It is my job to preserve Israel’s rights and interests for the long term. I am charged with averting over-zealous, frantic, faulty diplomacy that will not bring peace to Israel. Risks for peace – yes. Ridiculous and break-neck risks for peace – no. A window of opportunity for peace – yes. The “irrevocably last opportunity for peace following which comes catastrophe” – no.

The Oslo agreements demonstrated our willingness to partition the Land of Israel with the Palestinians, albeit with a heavy heart. But it also taught us the dangers of too-hasty and ill-thought-through concessions, and the gargantuan mistake of ignoring the undemocratic nature of our negotiating partner. Israeli society paid dearly for that experiment.

This time around, we need to approach the negotiations with the conviction that time is on our side, and that perseverance will bring Israel great benefit. This time, we cannot overlook anti-Semitism and human rights abuses in the Palestinian Authority, nor disregard the dictates of defensible borders for Israel.

It is not always politically-correct to speak one’s mind on foreign affairs. But tonight I feel it opportune to do so. I sense and I believe that intellectual honesty has to inform the diplomatic processes we are entering.

Being intellectually honest means laying out the moral asymmetries between Israel and the Palestinians. The fact is that we recognize them, but they’re not willing yet to recognize our legitimate, historical rights in the Land of Israel. The fact is that Israel protects religious rights and minority rights in Israel for religions and peoples of the world, while the nascent Palestinian state already in place does not, and could very well be on its way to becoming yet another failed Arab state. The fact is that Israel proudly hosts 1.5 million Arab citizens, while the Palestinians demand a Judenrein, ethnically-cleansed state in historic Judea and Samaria.

All this cannot be left unsaid, nor can it be papered over with festive handshakes on the White House lawn celebrating Israeli territorial withdrawals.

I believe that you, the People of Israel, support my approach, and are willing, if G-d forbid necessary, to withstand friction and conflict in order to hold firm on our moral, diplomatic and security red lines. We have the stamina to endure a long and difficult negotiation, to achieve durable results. And similarly, we have the grit and the guns to outlast and overpower more distant adversaries, such as the radical mullahs in Iran.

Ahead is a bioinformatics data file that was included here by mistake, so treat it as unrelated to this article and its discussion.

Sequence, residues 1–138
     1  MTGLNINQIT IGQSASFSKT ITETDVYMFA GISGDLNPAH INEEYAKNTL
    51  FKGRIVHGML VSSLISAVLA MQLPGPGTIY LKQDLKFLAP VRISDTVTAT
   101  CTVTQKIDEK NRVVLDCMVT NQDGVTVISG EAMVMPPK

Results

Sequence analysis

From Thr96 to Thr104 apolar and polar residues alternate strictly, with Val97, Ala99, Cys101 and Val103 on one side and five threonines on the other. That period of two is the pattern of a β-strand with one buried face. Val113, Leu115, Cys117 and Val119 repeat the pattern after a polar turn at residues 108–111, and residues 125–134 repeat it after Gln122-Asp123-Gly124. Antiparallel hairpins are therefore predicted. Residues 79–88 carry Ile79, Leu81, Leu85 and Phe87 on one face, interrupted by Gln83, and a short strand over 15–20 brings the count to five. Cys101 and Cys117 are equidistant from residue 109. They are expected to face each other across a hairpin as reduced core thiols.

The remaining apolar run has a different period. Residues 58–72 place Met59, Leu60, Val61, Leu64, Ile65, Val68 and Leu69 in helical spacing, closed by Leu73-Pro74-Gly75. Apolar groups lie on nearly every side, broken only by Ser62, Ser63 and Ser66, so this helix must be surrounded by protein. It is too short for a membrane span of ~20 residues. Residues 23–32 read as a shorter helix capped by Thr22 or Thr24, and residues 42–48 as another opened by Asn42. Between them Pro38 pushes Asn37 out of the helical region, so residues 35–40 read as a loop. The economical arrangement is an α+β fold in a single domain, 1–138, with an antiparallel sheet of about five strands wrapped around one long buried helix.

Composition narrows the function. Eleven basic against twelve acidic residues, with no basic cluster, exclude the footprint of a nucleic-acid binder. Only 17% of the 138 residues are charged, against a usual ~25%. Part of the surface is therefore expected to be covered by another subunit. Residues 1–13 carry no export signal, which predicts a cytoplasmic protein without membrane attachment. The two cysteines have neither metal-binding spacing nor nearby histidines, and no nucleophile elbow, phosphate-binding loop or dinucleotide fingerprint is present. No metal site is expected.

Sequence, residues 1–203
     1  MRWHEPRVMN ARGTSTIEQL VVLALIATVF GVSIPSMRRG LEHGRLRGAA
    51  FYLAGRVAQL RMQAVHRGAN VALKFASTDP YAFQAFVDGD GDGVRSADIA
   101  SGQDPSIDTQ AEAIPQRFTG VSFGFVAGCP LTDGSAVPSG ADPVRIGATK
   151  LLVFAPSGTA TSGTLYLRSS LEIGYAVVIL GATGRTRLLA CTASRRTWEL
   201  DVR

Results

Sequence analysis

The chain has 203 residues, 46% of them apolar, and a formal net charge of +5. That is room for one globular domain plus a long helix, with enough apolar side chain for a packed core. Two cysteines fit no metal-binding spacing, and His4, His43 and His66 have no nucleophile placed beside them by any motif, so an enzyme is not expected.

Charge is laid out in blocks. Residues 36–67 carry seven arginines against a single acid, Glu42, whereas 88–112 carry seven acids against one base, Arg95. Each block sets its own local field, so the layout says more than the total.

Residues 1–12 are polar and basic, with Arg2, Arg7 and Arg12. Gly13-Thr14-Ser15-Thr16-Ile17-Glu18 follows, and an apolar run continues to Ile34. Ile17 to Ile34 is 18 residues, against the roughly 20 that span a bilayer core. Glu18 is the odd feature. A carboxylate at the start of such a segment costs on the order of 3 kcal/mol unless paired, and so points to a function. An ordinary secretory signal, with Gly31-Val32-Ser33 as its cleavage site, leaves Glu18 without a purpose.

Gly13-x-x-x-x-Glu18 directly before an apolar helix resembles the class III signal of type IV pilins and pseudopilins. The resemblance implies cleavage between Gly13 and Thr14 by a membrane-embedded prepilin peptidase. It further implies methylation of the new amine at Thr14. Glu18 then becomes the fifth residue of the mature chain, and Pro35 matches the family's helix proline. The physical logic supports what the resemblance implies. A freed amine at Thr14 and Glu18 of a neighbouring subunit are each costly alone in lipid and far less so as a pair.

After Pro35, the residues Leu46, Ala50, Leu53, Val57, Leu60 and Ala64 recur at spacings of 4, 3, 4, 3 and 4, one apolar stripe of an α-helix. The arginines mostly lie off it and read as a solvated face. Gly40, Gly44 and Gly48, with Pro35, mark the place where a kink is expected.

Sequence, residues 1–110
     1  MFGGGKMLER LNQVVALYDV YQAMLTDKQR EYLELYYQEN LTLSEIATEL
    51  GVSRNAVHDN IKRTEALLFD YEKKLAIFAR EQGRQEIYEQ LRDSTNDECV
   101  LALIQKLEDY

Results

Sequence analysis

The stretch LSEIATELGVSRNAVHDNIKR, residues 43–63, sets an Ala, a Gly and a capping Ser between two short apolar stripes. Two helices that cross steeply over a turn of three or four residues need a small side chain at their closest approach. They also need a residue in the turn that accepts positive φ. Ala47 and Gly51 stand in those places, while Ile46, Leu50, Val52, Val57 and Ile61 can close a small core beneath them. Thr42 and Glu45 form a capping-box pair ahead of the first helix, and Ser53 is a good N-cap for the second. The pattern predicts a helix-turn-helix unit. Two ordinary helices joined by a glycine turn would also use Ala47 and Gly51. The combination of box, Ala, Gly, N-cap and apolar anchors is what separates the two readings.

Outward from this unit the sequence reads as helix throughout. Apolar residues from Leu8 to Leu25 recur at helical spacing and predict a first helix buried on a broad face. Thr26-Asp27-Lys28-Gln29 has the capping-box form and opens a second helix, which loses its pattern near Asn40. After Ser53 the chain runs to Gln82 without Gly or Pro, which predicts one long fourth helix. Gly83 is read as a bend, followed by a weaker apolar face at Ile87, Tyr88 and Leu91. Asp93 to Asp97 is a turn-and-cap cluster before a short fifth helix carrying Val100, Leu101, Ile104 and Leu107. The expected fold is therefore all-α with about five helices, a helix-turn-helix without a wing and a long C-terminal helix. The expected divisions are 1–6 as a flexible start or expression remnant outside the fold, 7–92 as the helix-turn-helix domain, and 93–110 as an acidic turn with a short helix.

But I did not come here tonight to speak primarily about the Palestinian conundrum, because, as I say, Israel’s rosy future emphatically does not depend on peace with the Palestinians, however desirable and important that may be. Israel will flourish even if the Palestinians refuse to make peace with us on reasonable terms, and even if we have to manage the conflict with the Palestinians, and conflicts with other radical neighbors, for many decades to come.

Israel’s future rests completely with us, the People of Israel. We have the powers within us for even greater achievements, in clean-tech, bio-tech and music, in Torah scholarship and bio-ethics, in compassionate care for our elderly and social justice. We can make this an even better country to live in, especially for our magnificent youth who toil so hard in their twenties and thirties, and we can contribute even more to the world though agricultural and medical assistance and more. We can truly advance Israel towards the Biblical model of a people that is a moral beacon unto the nations.

I know that you stand with me, all together, in making this vision for Israel a reality.

The writer is director of public affairs at the Begin-Sadat Center for Strategic Studies, which marks its twentieth anniversary next week with an international conference at Bar-Ilan University (open to the public) on “Israel Towards 2020: Perils and Prospects.” www.besacenter.org

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About David Weinberg

David M. Weinberg is a spokesman, speechwriter, columnist and lobbyist who is a sharp critic of Israel’s detractors and of post-Zionist trends in Israel. Read more »